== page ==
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Rendering data content via JavaScript template using Dust.js

In today’s competitive date, most of the business owners complain about delay in the loading of their web app. However, we developers, just have to find a way, keeping all limitations under consideration. As when data is coming from the server side, it increases the page rendering time.

Most of the times we need to load the live content with regular time interval, which not only makes our task challenging but causes the delay to reload or to replace the data, with new content coming from the server. It increases the load on server & browser to handle Ajax request with large Html data in response. To address this issue, we often take the response from the server in Json format and replace the content in a grid.

I have come across an approach of using, JavaScript templates, which will be cached on a browser side, to handle this “loading” time.

I have been using templates in JavaScript with the Dust template rendering solution.

Advantage to use JavaScript temple:

  1. Dust template can be compiled like other JavaScript library or plugin to increase the execution speed.
  2. Since JavaScript is cache-able, it dust templates can be cached in a browser after loading template once and reuse the temple, which increases reduces the page load time as we not to require to load the complete page from the server side each time we load the page.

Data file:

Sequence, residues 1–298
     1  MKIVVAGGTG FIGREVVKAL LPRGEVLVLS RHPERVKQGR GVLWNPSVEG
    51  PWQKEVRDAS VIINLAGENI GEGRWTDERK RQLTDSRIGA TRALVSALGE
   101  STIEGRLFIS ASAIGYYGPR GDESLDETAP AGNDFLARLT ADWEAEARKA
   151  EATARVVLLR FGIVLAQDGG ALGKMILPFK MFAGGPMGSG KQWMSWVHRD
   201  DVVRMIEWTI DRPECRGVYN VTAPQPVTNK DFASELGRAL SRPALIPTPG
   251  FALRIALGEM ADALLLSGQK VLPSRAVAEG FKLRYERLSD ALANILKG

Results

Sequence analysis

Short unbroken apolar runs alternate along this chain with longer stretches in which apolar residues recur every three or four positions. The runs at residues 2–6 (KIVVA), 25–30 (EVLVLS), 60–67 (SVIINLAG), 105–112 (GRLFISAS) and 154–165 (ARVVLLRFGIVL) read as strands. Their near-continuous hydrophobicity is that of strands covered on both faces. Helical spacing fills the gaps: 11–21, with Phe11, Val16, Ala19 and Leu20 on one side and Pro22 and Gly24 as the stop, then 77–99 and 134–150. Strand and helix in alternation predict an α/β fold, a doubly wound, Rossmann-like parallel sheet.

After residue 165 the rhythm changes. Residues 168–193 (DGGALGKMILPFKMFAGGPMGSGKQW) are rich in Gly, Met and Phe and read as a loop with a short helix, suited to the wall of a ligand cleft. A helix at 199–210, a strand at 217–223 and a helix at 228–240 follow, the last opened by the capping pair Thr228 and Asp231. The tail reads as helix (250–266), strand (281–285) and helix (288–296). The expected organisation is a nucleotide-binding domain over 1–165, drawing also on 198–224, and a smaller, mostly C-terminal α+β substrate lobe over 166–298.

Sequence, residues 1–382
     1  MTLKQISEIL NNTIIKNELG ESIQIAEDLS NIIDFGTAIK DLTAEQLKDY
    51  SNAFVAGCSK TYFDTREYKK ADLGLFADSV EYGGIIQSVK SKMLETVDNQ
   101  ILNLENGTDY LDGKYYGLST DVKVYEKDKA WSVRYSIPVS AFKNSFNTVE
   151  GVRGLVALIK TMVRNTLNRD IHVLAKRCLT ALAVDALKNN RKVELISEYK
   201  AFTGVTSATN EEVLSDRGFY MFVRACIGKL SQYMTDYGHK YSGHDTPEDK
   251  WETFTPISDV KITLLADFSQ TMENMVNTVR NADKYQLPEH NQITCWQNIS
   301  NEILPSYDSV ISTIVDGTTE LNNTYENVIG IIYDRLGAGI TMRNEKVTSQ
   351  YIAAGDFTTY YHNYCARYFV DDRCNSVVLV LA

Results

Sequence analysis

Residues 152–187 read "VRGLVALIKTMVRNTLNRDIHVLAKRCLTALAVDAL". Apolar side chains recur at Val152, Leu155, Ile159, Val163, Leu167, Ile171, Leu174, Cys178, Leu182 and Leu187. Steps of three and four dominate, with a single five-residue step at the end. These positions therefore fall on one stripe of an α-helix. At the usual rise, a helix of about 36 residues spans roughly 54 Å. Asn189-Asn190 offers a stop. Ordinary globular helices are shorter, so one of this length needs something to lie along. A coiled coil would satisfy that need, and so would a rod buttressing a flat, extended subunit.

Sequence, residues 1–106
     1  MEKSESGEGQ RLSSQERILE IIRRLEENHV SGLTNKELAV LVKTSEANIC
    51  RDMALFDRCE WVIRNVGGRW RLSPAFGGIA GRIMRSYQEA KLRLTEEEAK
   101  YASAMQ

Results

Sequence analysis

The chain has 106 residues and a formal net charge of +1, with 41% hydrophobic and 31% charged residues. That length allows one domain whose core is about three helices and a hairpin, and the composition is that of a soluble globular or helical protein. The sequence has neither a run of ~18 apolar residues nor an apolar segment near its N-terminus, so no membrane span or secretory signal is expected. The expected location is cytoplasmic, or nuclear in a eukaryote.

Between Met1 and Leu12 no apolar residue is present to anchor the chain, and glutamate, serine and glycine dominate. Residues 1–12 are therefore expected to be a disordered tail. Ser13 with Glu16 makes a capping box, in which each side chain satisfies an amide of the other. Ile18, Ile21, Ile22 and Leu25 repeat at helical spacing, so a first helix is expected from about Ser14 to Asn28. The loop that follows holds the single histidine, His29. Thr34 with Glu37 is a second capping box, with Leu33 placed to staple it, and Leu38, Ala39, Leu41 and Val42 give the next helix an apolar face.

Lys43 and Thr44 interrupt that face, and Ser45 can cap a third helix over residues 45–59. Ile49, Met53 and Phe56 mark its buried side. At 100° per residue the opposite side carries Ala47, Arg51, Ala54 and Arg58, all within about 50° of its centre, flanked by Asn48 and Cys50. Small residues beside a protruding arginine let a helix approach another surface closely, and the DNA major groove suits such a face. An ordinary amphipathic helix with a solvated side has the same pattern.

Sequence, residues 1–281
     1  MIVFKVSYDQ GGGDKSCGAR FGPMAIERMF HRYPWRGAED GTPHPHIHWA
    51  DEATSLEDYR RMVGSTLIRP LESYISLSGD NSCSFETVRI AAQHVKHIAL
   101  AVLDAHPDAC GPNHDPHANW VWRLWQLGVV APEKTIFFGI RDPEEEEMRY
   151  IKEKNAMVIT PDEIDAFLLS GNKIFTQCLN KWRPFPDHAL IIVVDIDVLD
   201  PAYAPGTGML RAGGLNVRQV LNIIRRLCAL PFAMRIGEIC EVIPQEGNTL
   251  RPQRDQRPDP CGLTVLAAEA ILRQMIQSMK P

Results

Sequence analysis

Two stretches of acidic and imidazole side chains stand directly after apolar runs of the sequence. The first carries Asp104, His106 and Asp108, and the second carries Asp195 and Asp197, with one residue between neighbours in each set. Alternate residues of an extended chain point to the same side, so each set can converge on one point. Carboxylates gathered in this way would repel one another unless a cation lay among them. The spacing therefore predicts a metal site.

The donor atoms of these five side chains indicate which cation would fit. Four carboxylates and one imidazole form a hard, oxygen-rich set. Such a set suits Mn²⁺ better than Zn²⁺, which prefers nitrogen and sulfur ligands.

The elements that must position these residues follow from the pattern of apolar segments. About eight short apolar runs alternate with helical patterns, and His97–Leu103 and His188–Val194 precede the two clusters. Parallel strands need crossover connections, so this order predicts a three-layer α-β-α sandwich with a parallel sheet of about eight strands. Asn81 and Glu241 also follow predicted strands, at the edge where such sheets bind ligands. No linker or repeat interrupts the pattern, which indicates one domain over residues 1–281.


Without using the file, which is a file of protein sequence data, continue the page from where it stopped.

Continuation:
3. As Json Ajax request is faster then Html request, so increases the efficiency to load the content on a page.
  4. No extra engine or server side technology requires to use dust template.

 

Basic example of dust template.

Template:

{title}
  {#names}
    <li>{name}</li>
  {/names}
{/ul}

 

Json response:

{
  “title” : Cricketers,
  “names” : [{“name” : “Sachin”},{“name : Rahul”}, {“name” : “Lara”}]
}

 

Output:

Cricketers

<ul>
  <li>Sachin</li>
  <li>Rahul</li>
  <li>Lara</li>
</ul>

 

Working:

Dust templates output will be in plain text that will be generated after processing dust tags – {xyz}.

The tag structure of dust is similar to html in general form but it used braces {} instead of <>, e.g. {name} content {/name}

In the above example, {name} is called a key. It refers a value from JSON data that key named as ‘name.’ In above example, {title} is replaced with value of key ‘title’ present in JSON format i.e. Crickets

The other tag form in above example is:

{#names}….{/names}

This is called a section.

If the property is an array, it finds the ‘names’ property from the JSON data and iterates over 1 to n times, where ‘n’ is the number of array elements present in key ‘names’. In this example, we looped over 3 times as length of an array of key ‘names’ is 3.

Here, key ‘names’ is an array of objects. Each object has key ‘name’. In JS, key also refers to property.

‘name’ values in the JSON using the {name} key in the section body.

If the property exists and is a non-empty scalar, then section {name} will be replaced with the values of property ‘name’.

If the property ‘names’ does not exist or has an empty array, then nothing in the section {#names}…{/names} will be the return.

You can use http://akdubya.github.io/dustjs/ for quick testing of dust templates and response by providing valid JSON object.

Filters in Dust: